"We and They Come From One and the Same Mold"
Welcome to the August issue of Expository Files. Have you taken your children to see the Disney movie "Pocahontas" yet? My wife took our youngest. She said it was better than she thought it would be, with less "nature worship" than what might have been. But it was only a movie, and everything I hear is that the writers took great liberties with the facts. There were several reasons for the establishment of Jamestown as a colony. The not so politically correct charter stated that one of the goals was that of propagating the Christian "religion to such people, as yet live in darkness and true knowledge and worship of God." Unfortunately, many of the settlers had little room for God in their own lives. While some of their number were very devout, we find squabbles breaking out because their greed and arrogance. Probably most of them would have claimed to be Christian, but as always, the claim is often made by people with little or no commitment to truly exalting Christ in their lives. It takes more than loving in word; we must love in deed and in truth.
Several times it looked as if the first permanent colony in North America was not going to be so permanent. Nine out of ten early colonists died prematurely from a variety of causes. Help and a new supply of colonists arrived during the third year of the colony's existence, and one of the first thing that the new governor did was to organize worship services and call the people to remember Biblical principles of industry and sacrifice.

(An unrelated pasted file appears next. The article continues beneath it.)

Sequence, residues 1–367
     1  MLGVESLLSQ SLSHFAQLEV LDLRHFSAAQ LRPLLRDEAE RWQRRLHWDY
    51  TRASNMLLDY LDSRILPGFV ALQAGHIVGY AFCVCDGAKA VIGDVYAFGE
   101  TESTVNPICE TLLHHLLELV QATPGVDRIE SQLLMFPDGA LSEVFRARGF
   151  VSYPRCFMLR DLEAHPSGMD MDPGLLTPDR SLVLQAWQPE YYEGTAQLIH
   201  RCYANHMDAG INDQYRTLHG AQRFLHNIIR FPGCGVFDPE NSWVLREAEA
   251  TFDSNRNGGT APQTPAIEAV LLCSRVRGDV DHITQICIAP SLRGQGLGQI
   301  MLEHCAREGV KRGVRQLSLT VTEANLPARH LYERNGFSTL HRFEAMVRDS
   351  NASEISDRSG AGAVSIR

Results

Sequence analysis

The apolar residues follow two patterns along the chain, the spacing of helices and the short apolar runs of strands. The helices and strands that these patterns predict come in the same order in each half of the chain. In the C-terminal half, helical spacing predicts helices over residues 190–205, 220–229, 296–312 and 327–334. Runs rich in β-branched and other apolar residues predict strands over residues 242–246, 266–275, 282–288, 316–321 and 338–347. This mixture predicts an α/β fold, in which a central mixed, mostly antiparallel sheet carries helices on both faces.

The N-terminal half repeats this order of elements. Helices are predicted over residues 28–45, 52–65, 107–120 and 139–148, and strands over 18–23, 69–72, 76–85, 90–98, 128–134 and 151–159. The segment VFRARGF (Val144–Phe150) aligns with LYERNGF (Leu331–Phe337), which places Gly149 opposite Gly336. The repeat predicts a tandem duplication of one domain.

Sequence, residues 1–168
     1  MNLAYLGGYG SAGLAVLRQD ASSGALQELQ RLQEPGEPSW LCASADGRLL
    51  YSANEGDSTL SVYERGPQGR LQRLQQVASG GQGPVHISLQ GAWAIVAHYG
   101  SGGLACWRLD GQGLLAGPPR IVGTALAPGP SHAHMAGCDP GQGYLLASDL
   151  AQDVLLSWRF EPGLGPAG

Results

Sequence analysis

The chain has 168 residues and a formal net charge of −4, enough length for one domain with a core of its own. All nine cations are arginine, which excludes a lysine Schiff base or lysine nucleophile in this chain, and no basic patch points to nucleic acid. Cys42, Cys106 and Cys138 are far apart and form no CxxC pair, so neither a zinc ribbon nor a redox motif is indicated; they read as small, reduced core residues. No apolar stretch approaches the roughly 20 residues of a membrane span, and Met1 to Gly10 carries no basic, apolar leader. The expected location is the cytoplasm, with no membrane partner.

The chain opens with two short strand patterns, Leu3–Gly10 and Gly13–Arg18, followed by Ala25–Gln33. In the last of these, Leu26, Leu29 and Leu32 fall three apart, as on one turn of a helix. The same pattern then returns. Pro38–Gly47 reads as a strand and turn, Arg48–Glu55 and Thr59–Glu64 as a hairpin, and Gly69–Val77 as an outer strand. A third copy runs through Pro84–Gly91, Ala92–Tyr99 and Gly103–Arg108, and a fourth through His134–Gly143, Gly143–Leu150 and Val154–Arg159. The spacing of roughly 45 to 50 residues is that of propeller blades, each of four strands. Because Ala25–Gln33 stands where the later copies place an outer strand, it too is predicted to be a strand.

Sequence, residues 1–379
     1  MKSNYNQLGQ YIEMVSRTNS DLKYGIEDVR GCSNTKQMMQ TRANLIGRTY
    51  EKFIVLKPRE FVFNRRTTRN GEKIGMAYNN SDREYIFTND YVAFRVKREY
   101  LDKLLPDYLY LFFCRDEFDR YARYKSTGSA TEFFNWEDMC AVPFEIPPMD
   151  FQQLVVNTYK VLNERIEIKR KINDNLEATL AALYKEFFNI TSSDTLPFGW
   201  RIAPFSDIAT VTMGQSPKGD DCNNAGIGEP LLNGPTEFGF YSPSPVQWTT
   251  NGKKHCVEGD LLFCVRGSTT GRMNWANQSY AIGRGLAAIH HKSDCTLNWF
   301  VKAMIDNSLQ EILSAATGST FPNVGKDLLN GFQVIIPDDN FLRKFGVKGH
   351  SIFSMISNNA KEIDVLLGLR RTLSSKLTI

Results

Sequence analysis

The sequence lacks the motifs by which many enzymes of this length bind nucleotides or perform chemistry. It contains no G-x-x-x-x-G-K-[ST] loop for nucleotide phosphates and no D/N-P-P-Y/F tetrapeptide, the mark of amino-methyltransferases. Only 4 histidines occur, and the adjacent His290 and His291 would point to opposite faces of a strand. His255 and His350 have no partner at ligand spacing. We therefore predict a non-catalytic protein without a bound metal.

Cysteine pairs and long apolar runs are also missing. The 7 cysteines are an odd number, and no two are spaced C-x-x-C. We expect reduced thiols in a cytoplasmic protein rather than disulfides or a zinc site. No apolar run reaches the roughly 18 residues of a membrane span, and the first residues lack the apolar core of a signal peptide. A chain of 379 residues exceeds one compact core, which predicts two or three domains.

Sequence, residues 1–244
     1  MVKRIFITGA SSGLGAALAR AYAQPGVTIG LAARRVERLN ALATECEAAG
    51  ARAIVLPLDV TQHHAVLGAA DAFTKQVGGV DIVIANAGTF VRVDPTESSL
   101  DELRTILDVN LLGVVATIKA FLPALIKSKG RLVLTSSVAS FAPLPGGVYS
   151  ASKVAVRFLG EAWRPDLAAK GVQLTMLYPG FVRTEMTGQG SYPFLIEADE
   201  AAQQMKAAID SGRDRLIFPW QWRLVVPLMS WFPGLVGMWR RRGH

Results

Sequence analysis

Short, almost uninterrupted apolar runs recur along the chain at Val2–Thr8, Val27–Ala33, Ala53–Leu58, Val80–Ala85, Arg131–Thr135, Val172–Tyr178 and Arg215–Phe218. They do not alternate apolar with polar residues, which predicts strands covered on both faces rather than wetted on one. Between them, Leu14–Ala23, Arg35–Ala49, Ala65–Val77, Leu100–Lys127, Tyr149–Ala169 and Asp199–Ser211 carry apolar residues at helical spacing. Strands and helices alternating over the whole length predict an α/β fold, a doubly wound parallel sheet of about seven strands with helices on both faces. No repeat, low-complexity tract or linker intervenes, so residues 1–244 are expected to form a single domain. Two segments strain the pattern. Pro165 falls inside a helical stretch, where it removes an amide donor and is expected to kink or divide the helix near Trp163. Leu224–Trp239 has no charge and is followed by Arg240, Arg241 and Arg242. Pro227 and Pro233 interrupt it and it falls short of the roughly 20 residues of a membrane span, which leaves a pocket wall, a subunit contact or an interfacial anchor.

Among these new colonists was John Rolfe, who would later marry Pocahontas. Concerning the Indians, he stated that "...on whose faces a good Christian cannot look, without sorrow, pity and commiseration; seeing that they bear the image of our heavenly Creator, and we and they come from one and the same mold..."
Most of the above information was gleaned from an article entitled "Christianity in Jamestown" in the August issue of Pulpit Helps; page 20. The thought occurs to me that perhaps more of the Indians would have been impressed with the God these people claimed to represent if more of the settlers had truly trusted Him in obedience to His word. Think about how just a few unrighteous and hypocritical men could overturn the hard work and good examples of the truly faithful. Certainly the same is true today, for I fear that many in our nation are just as estranged from God as the Indians were. Like the early settlers, many of our problems stem, at least in part, from a lack of respect for spiritual, moral and Biblical principals. How much better it could be if all men truly lived by faith.
Jon W. Quinn
The Front Page
From Expository Files 2.8; August, 1995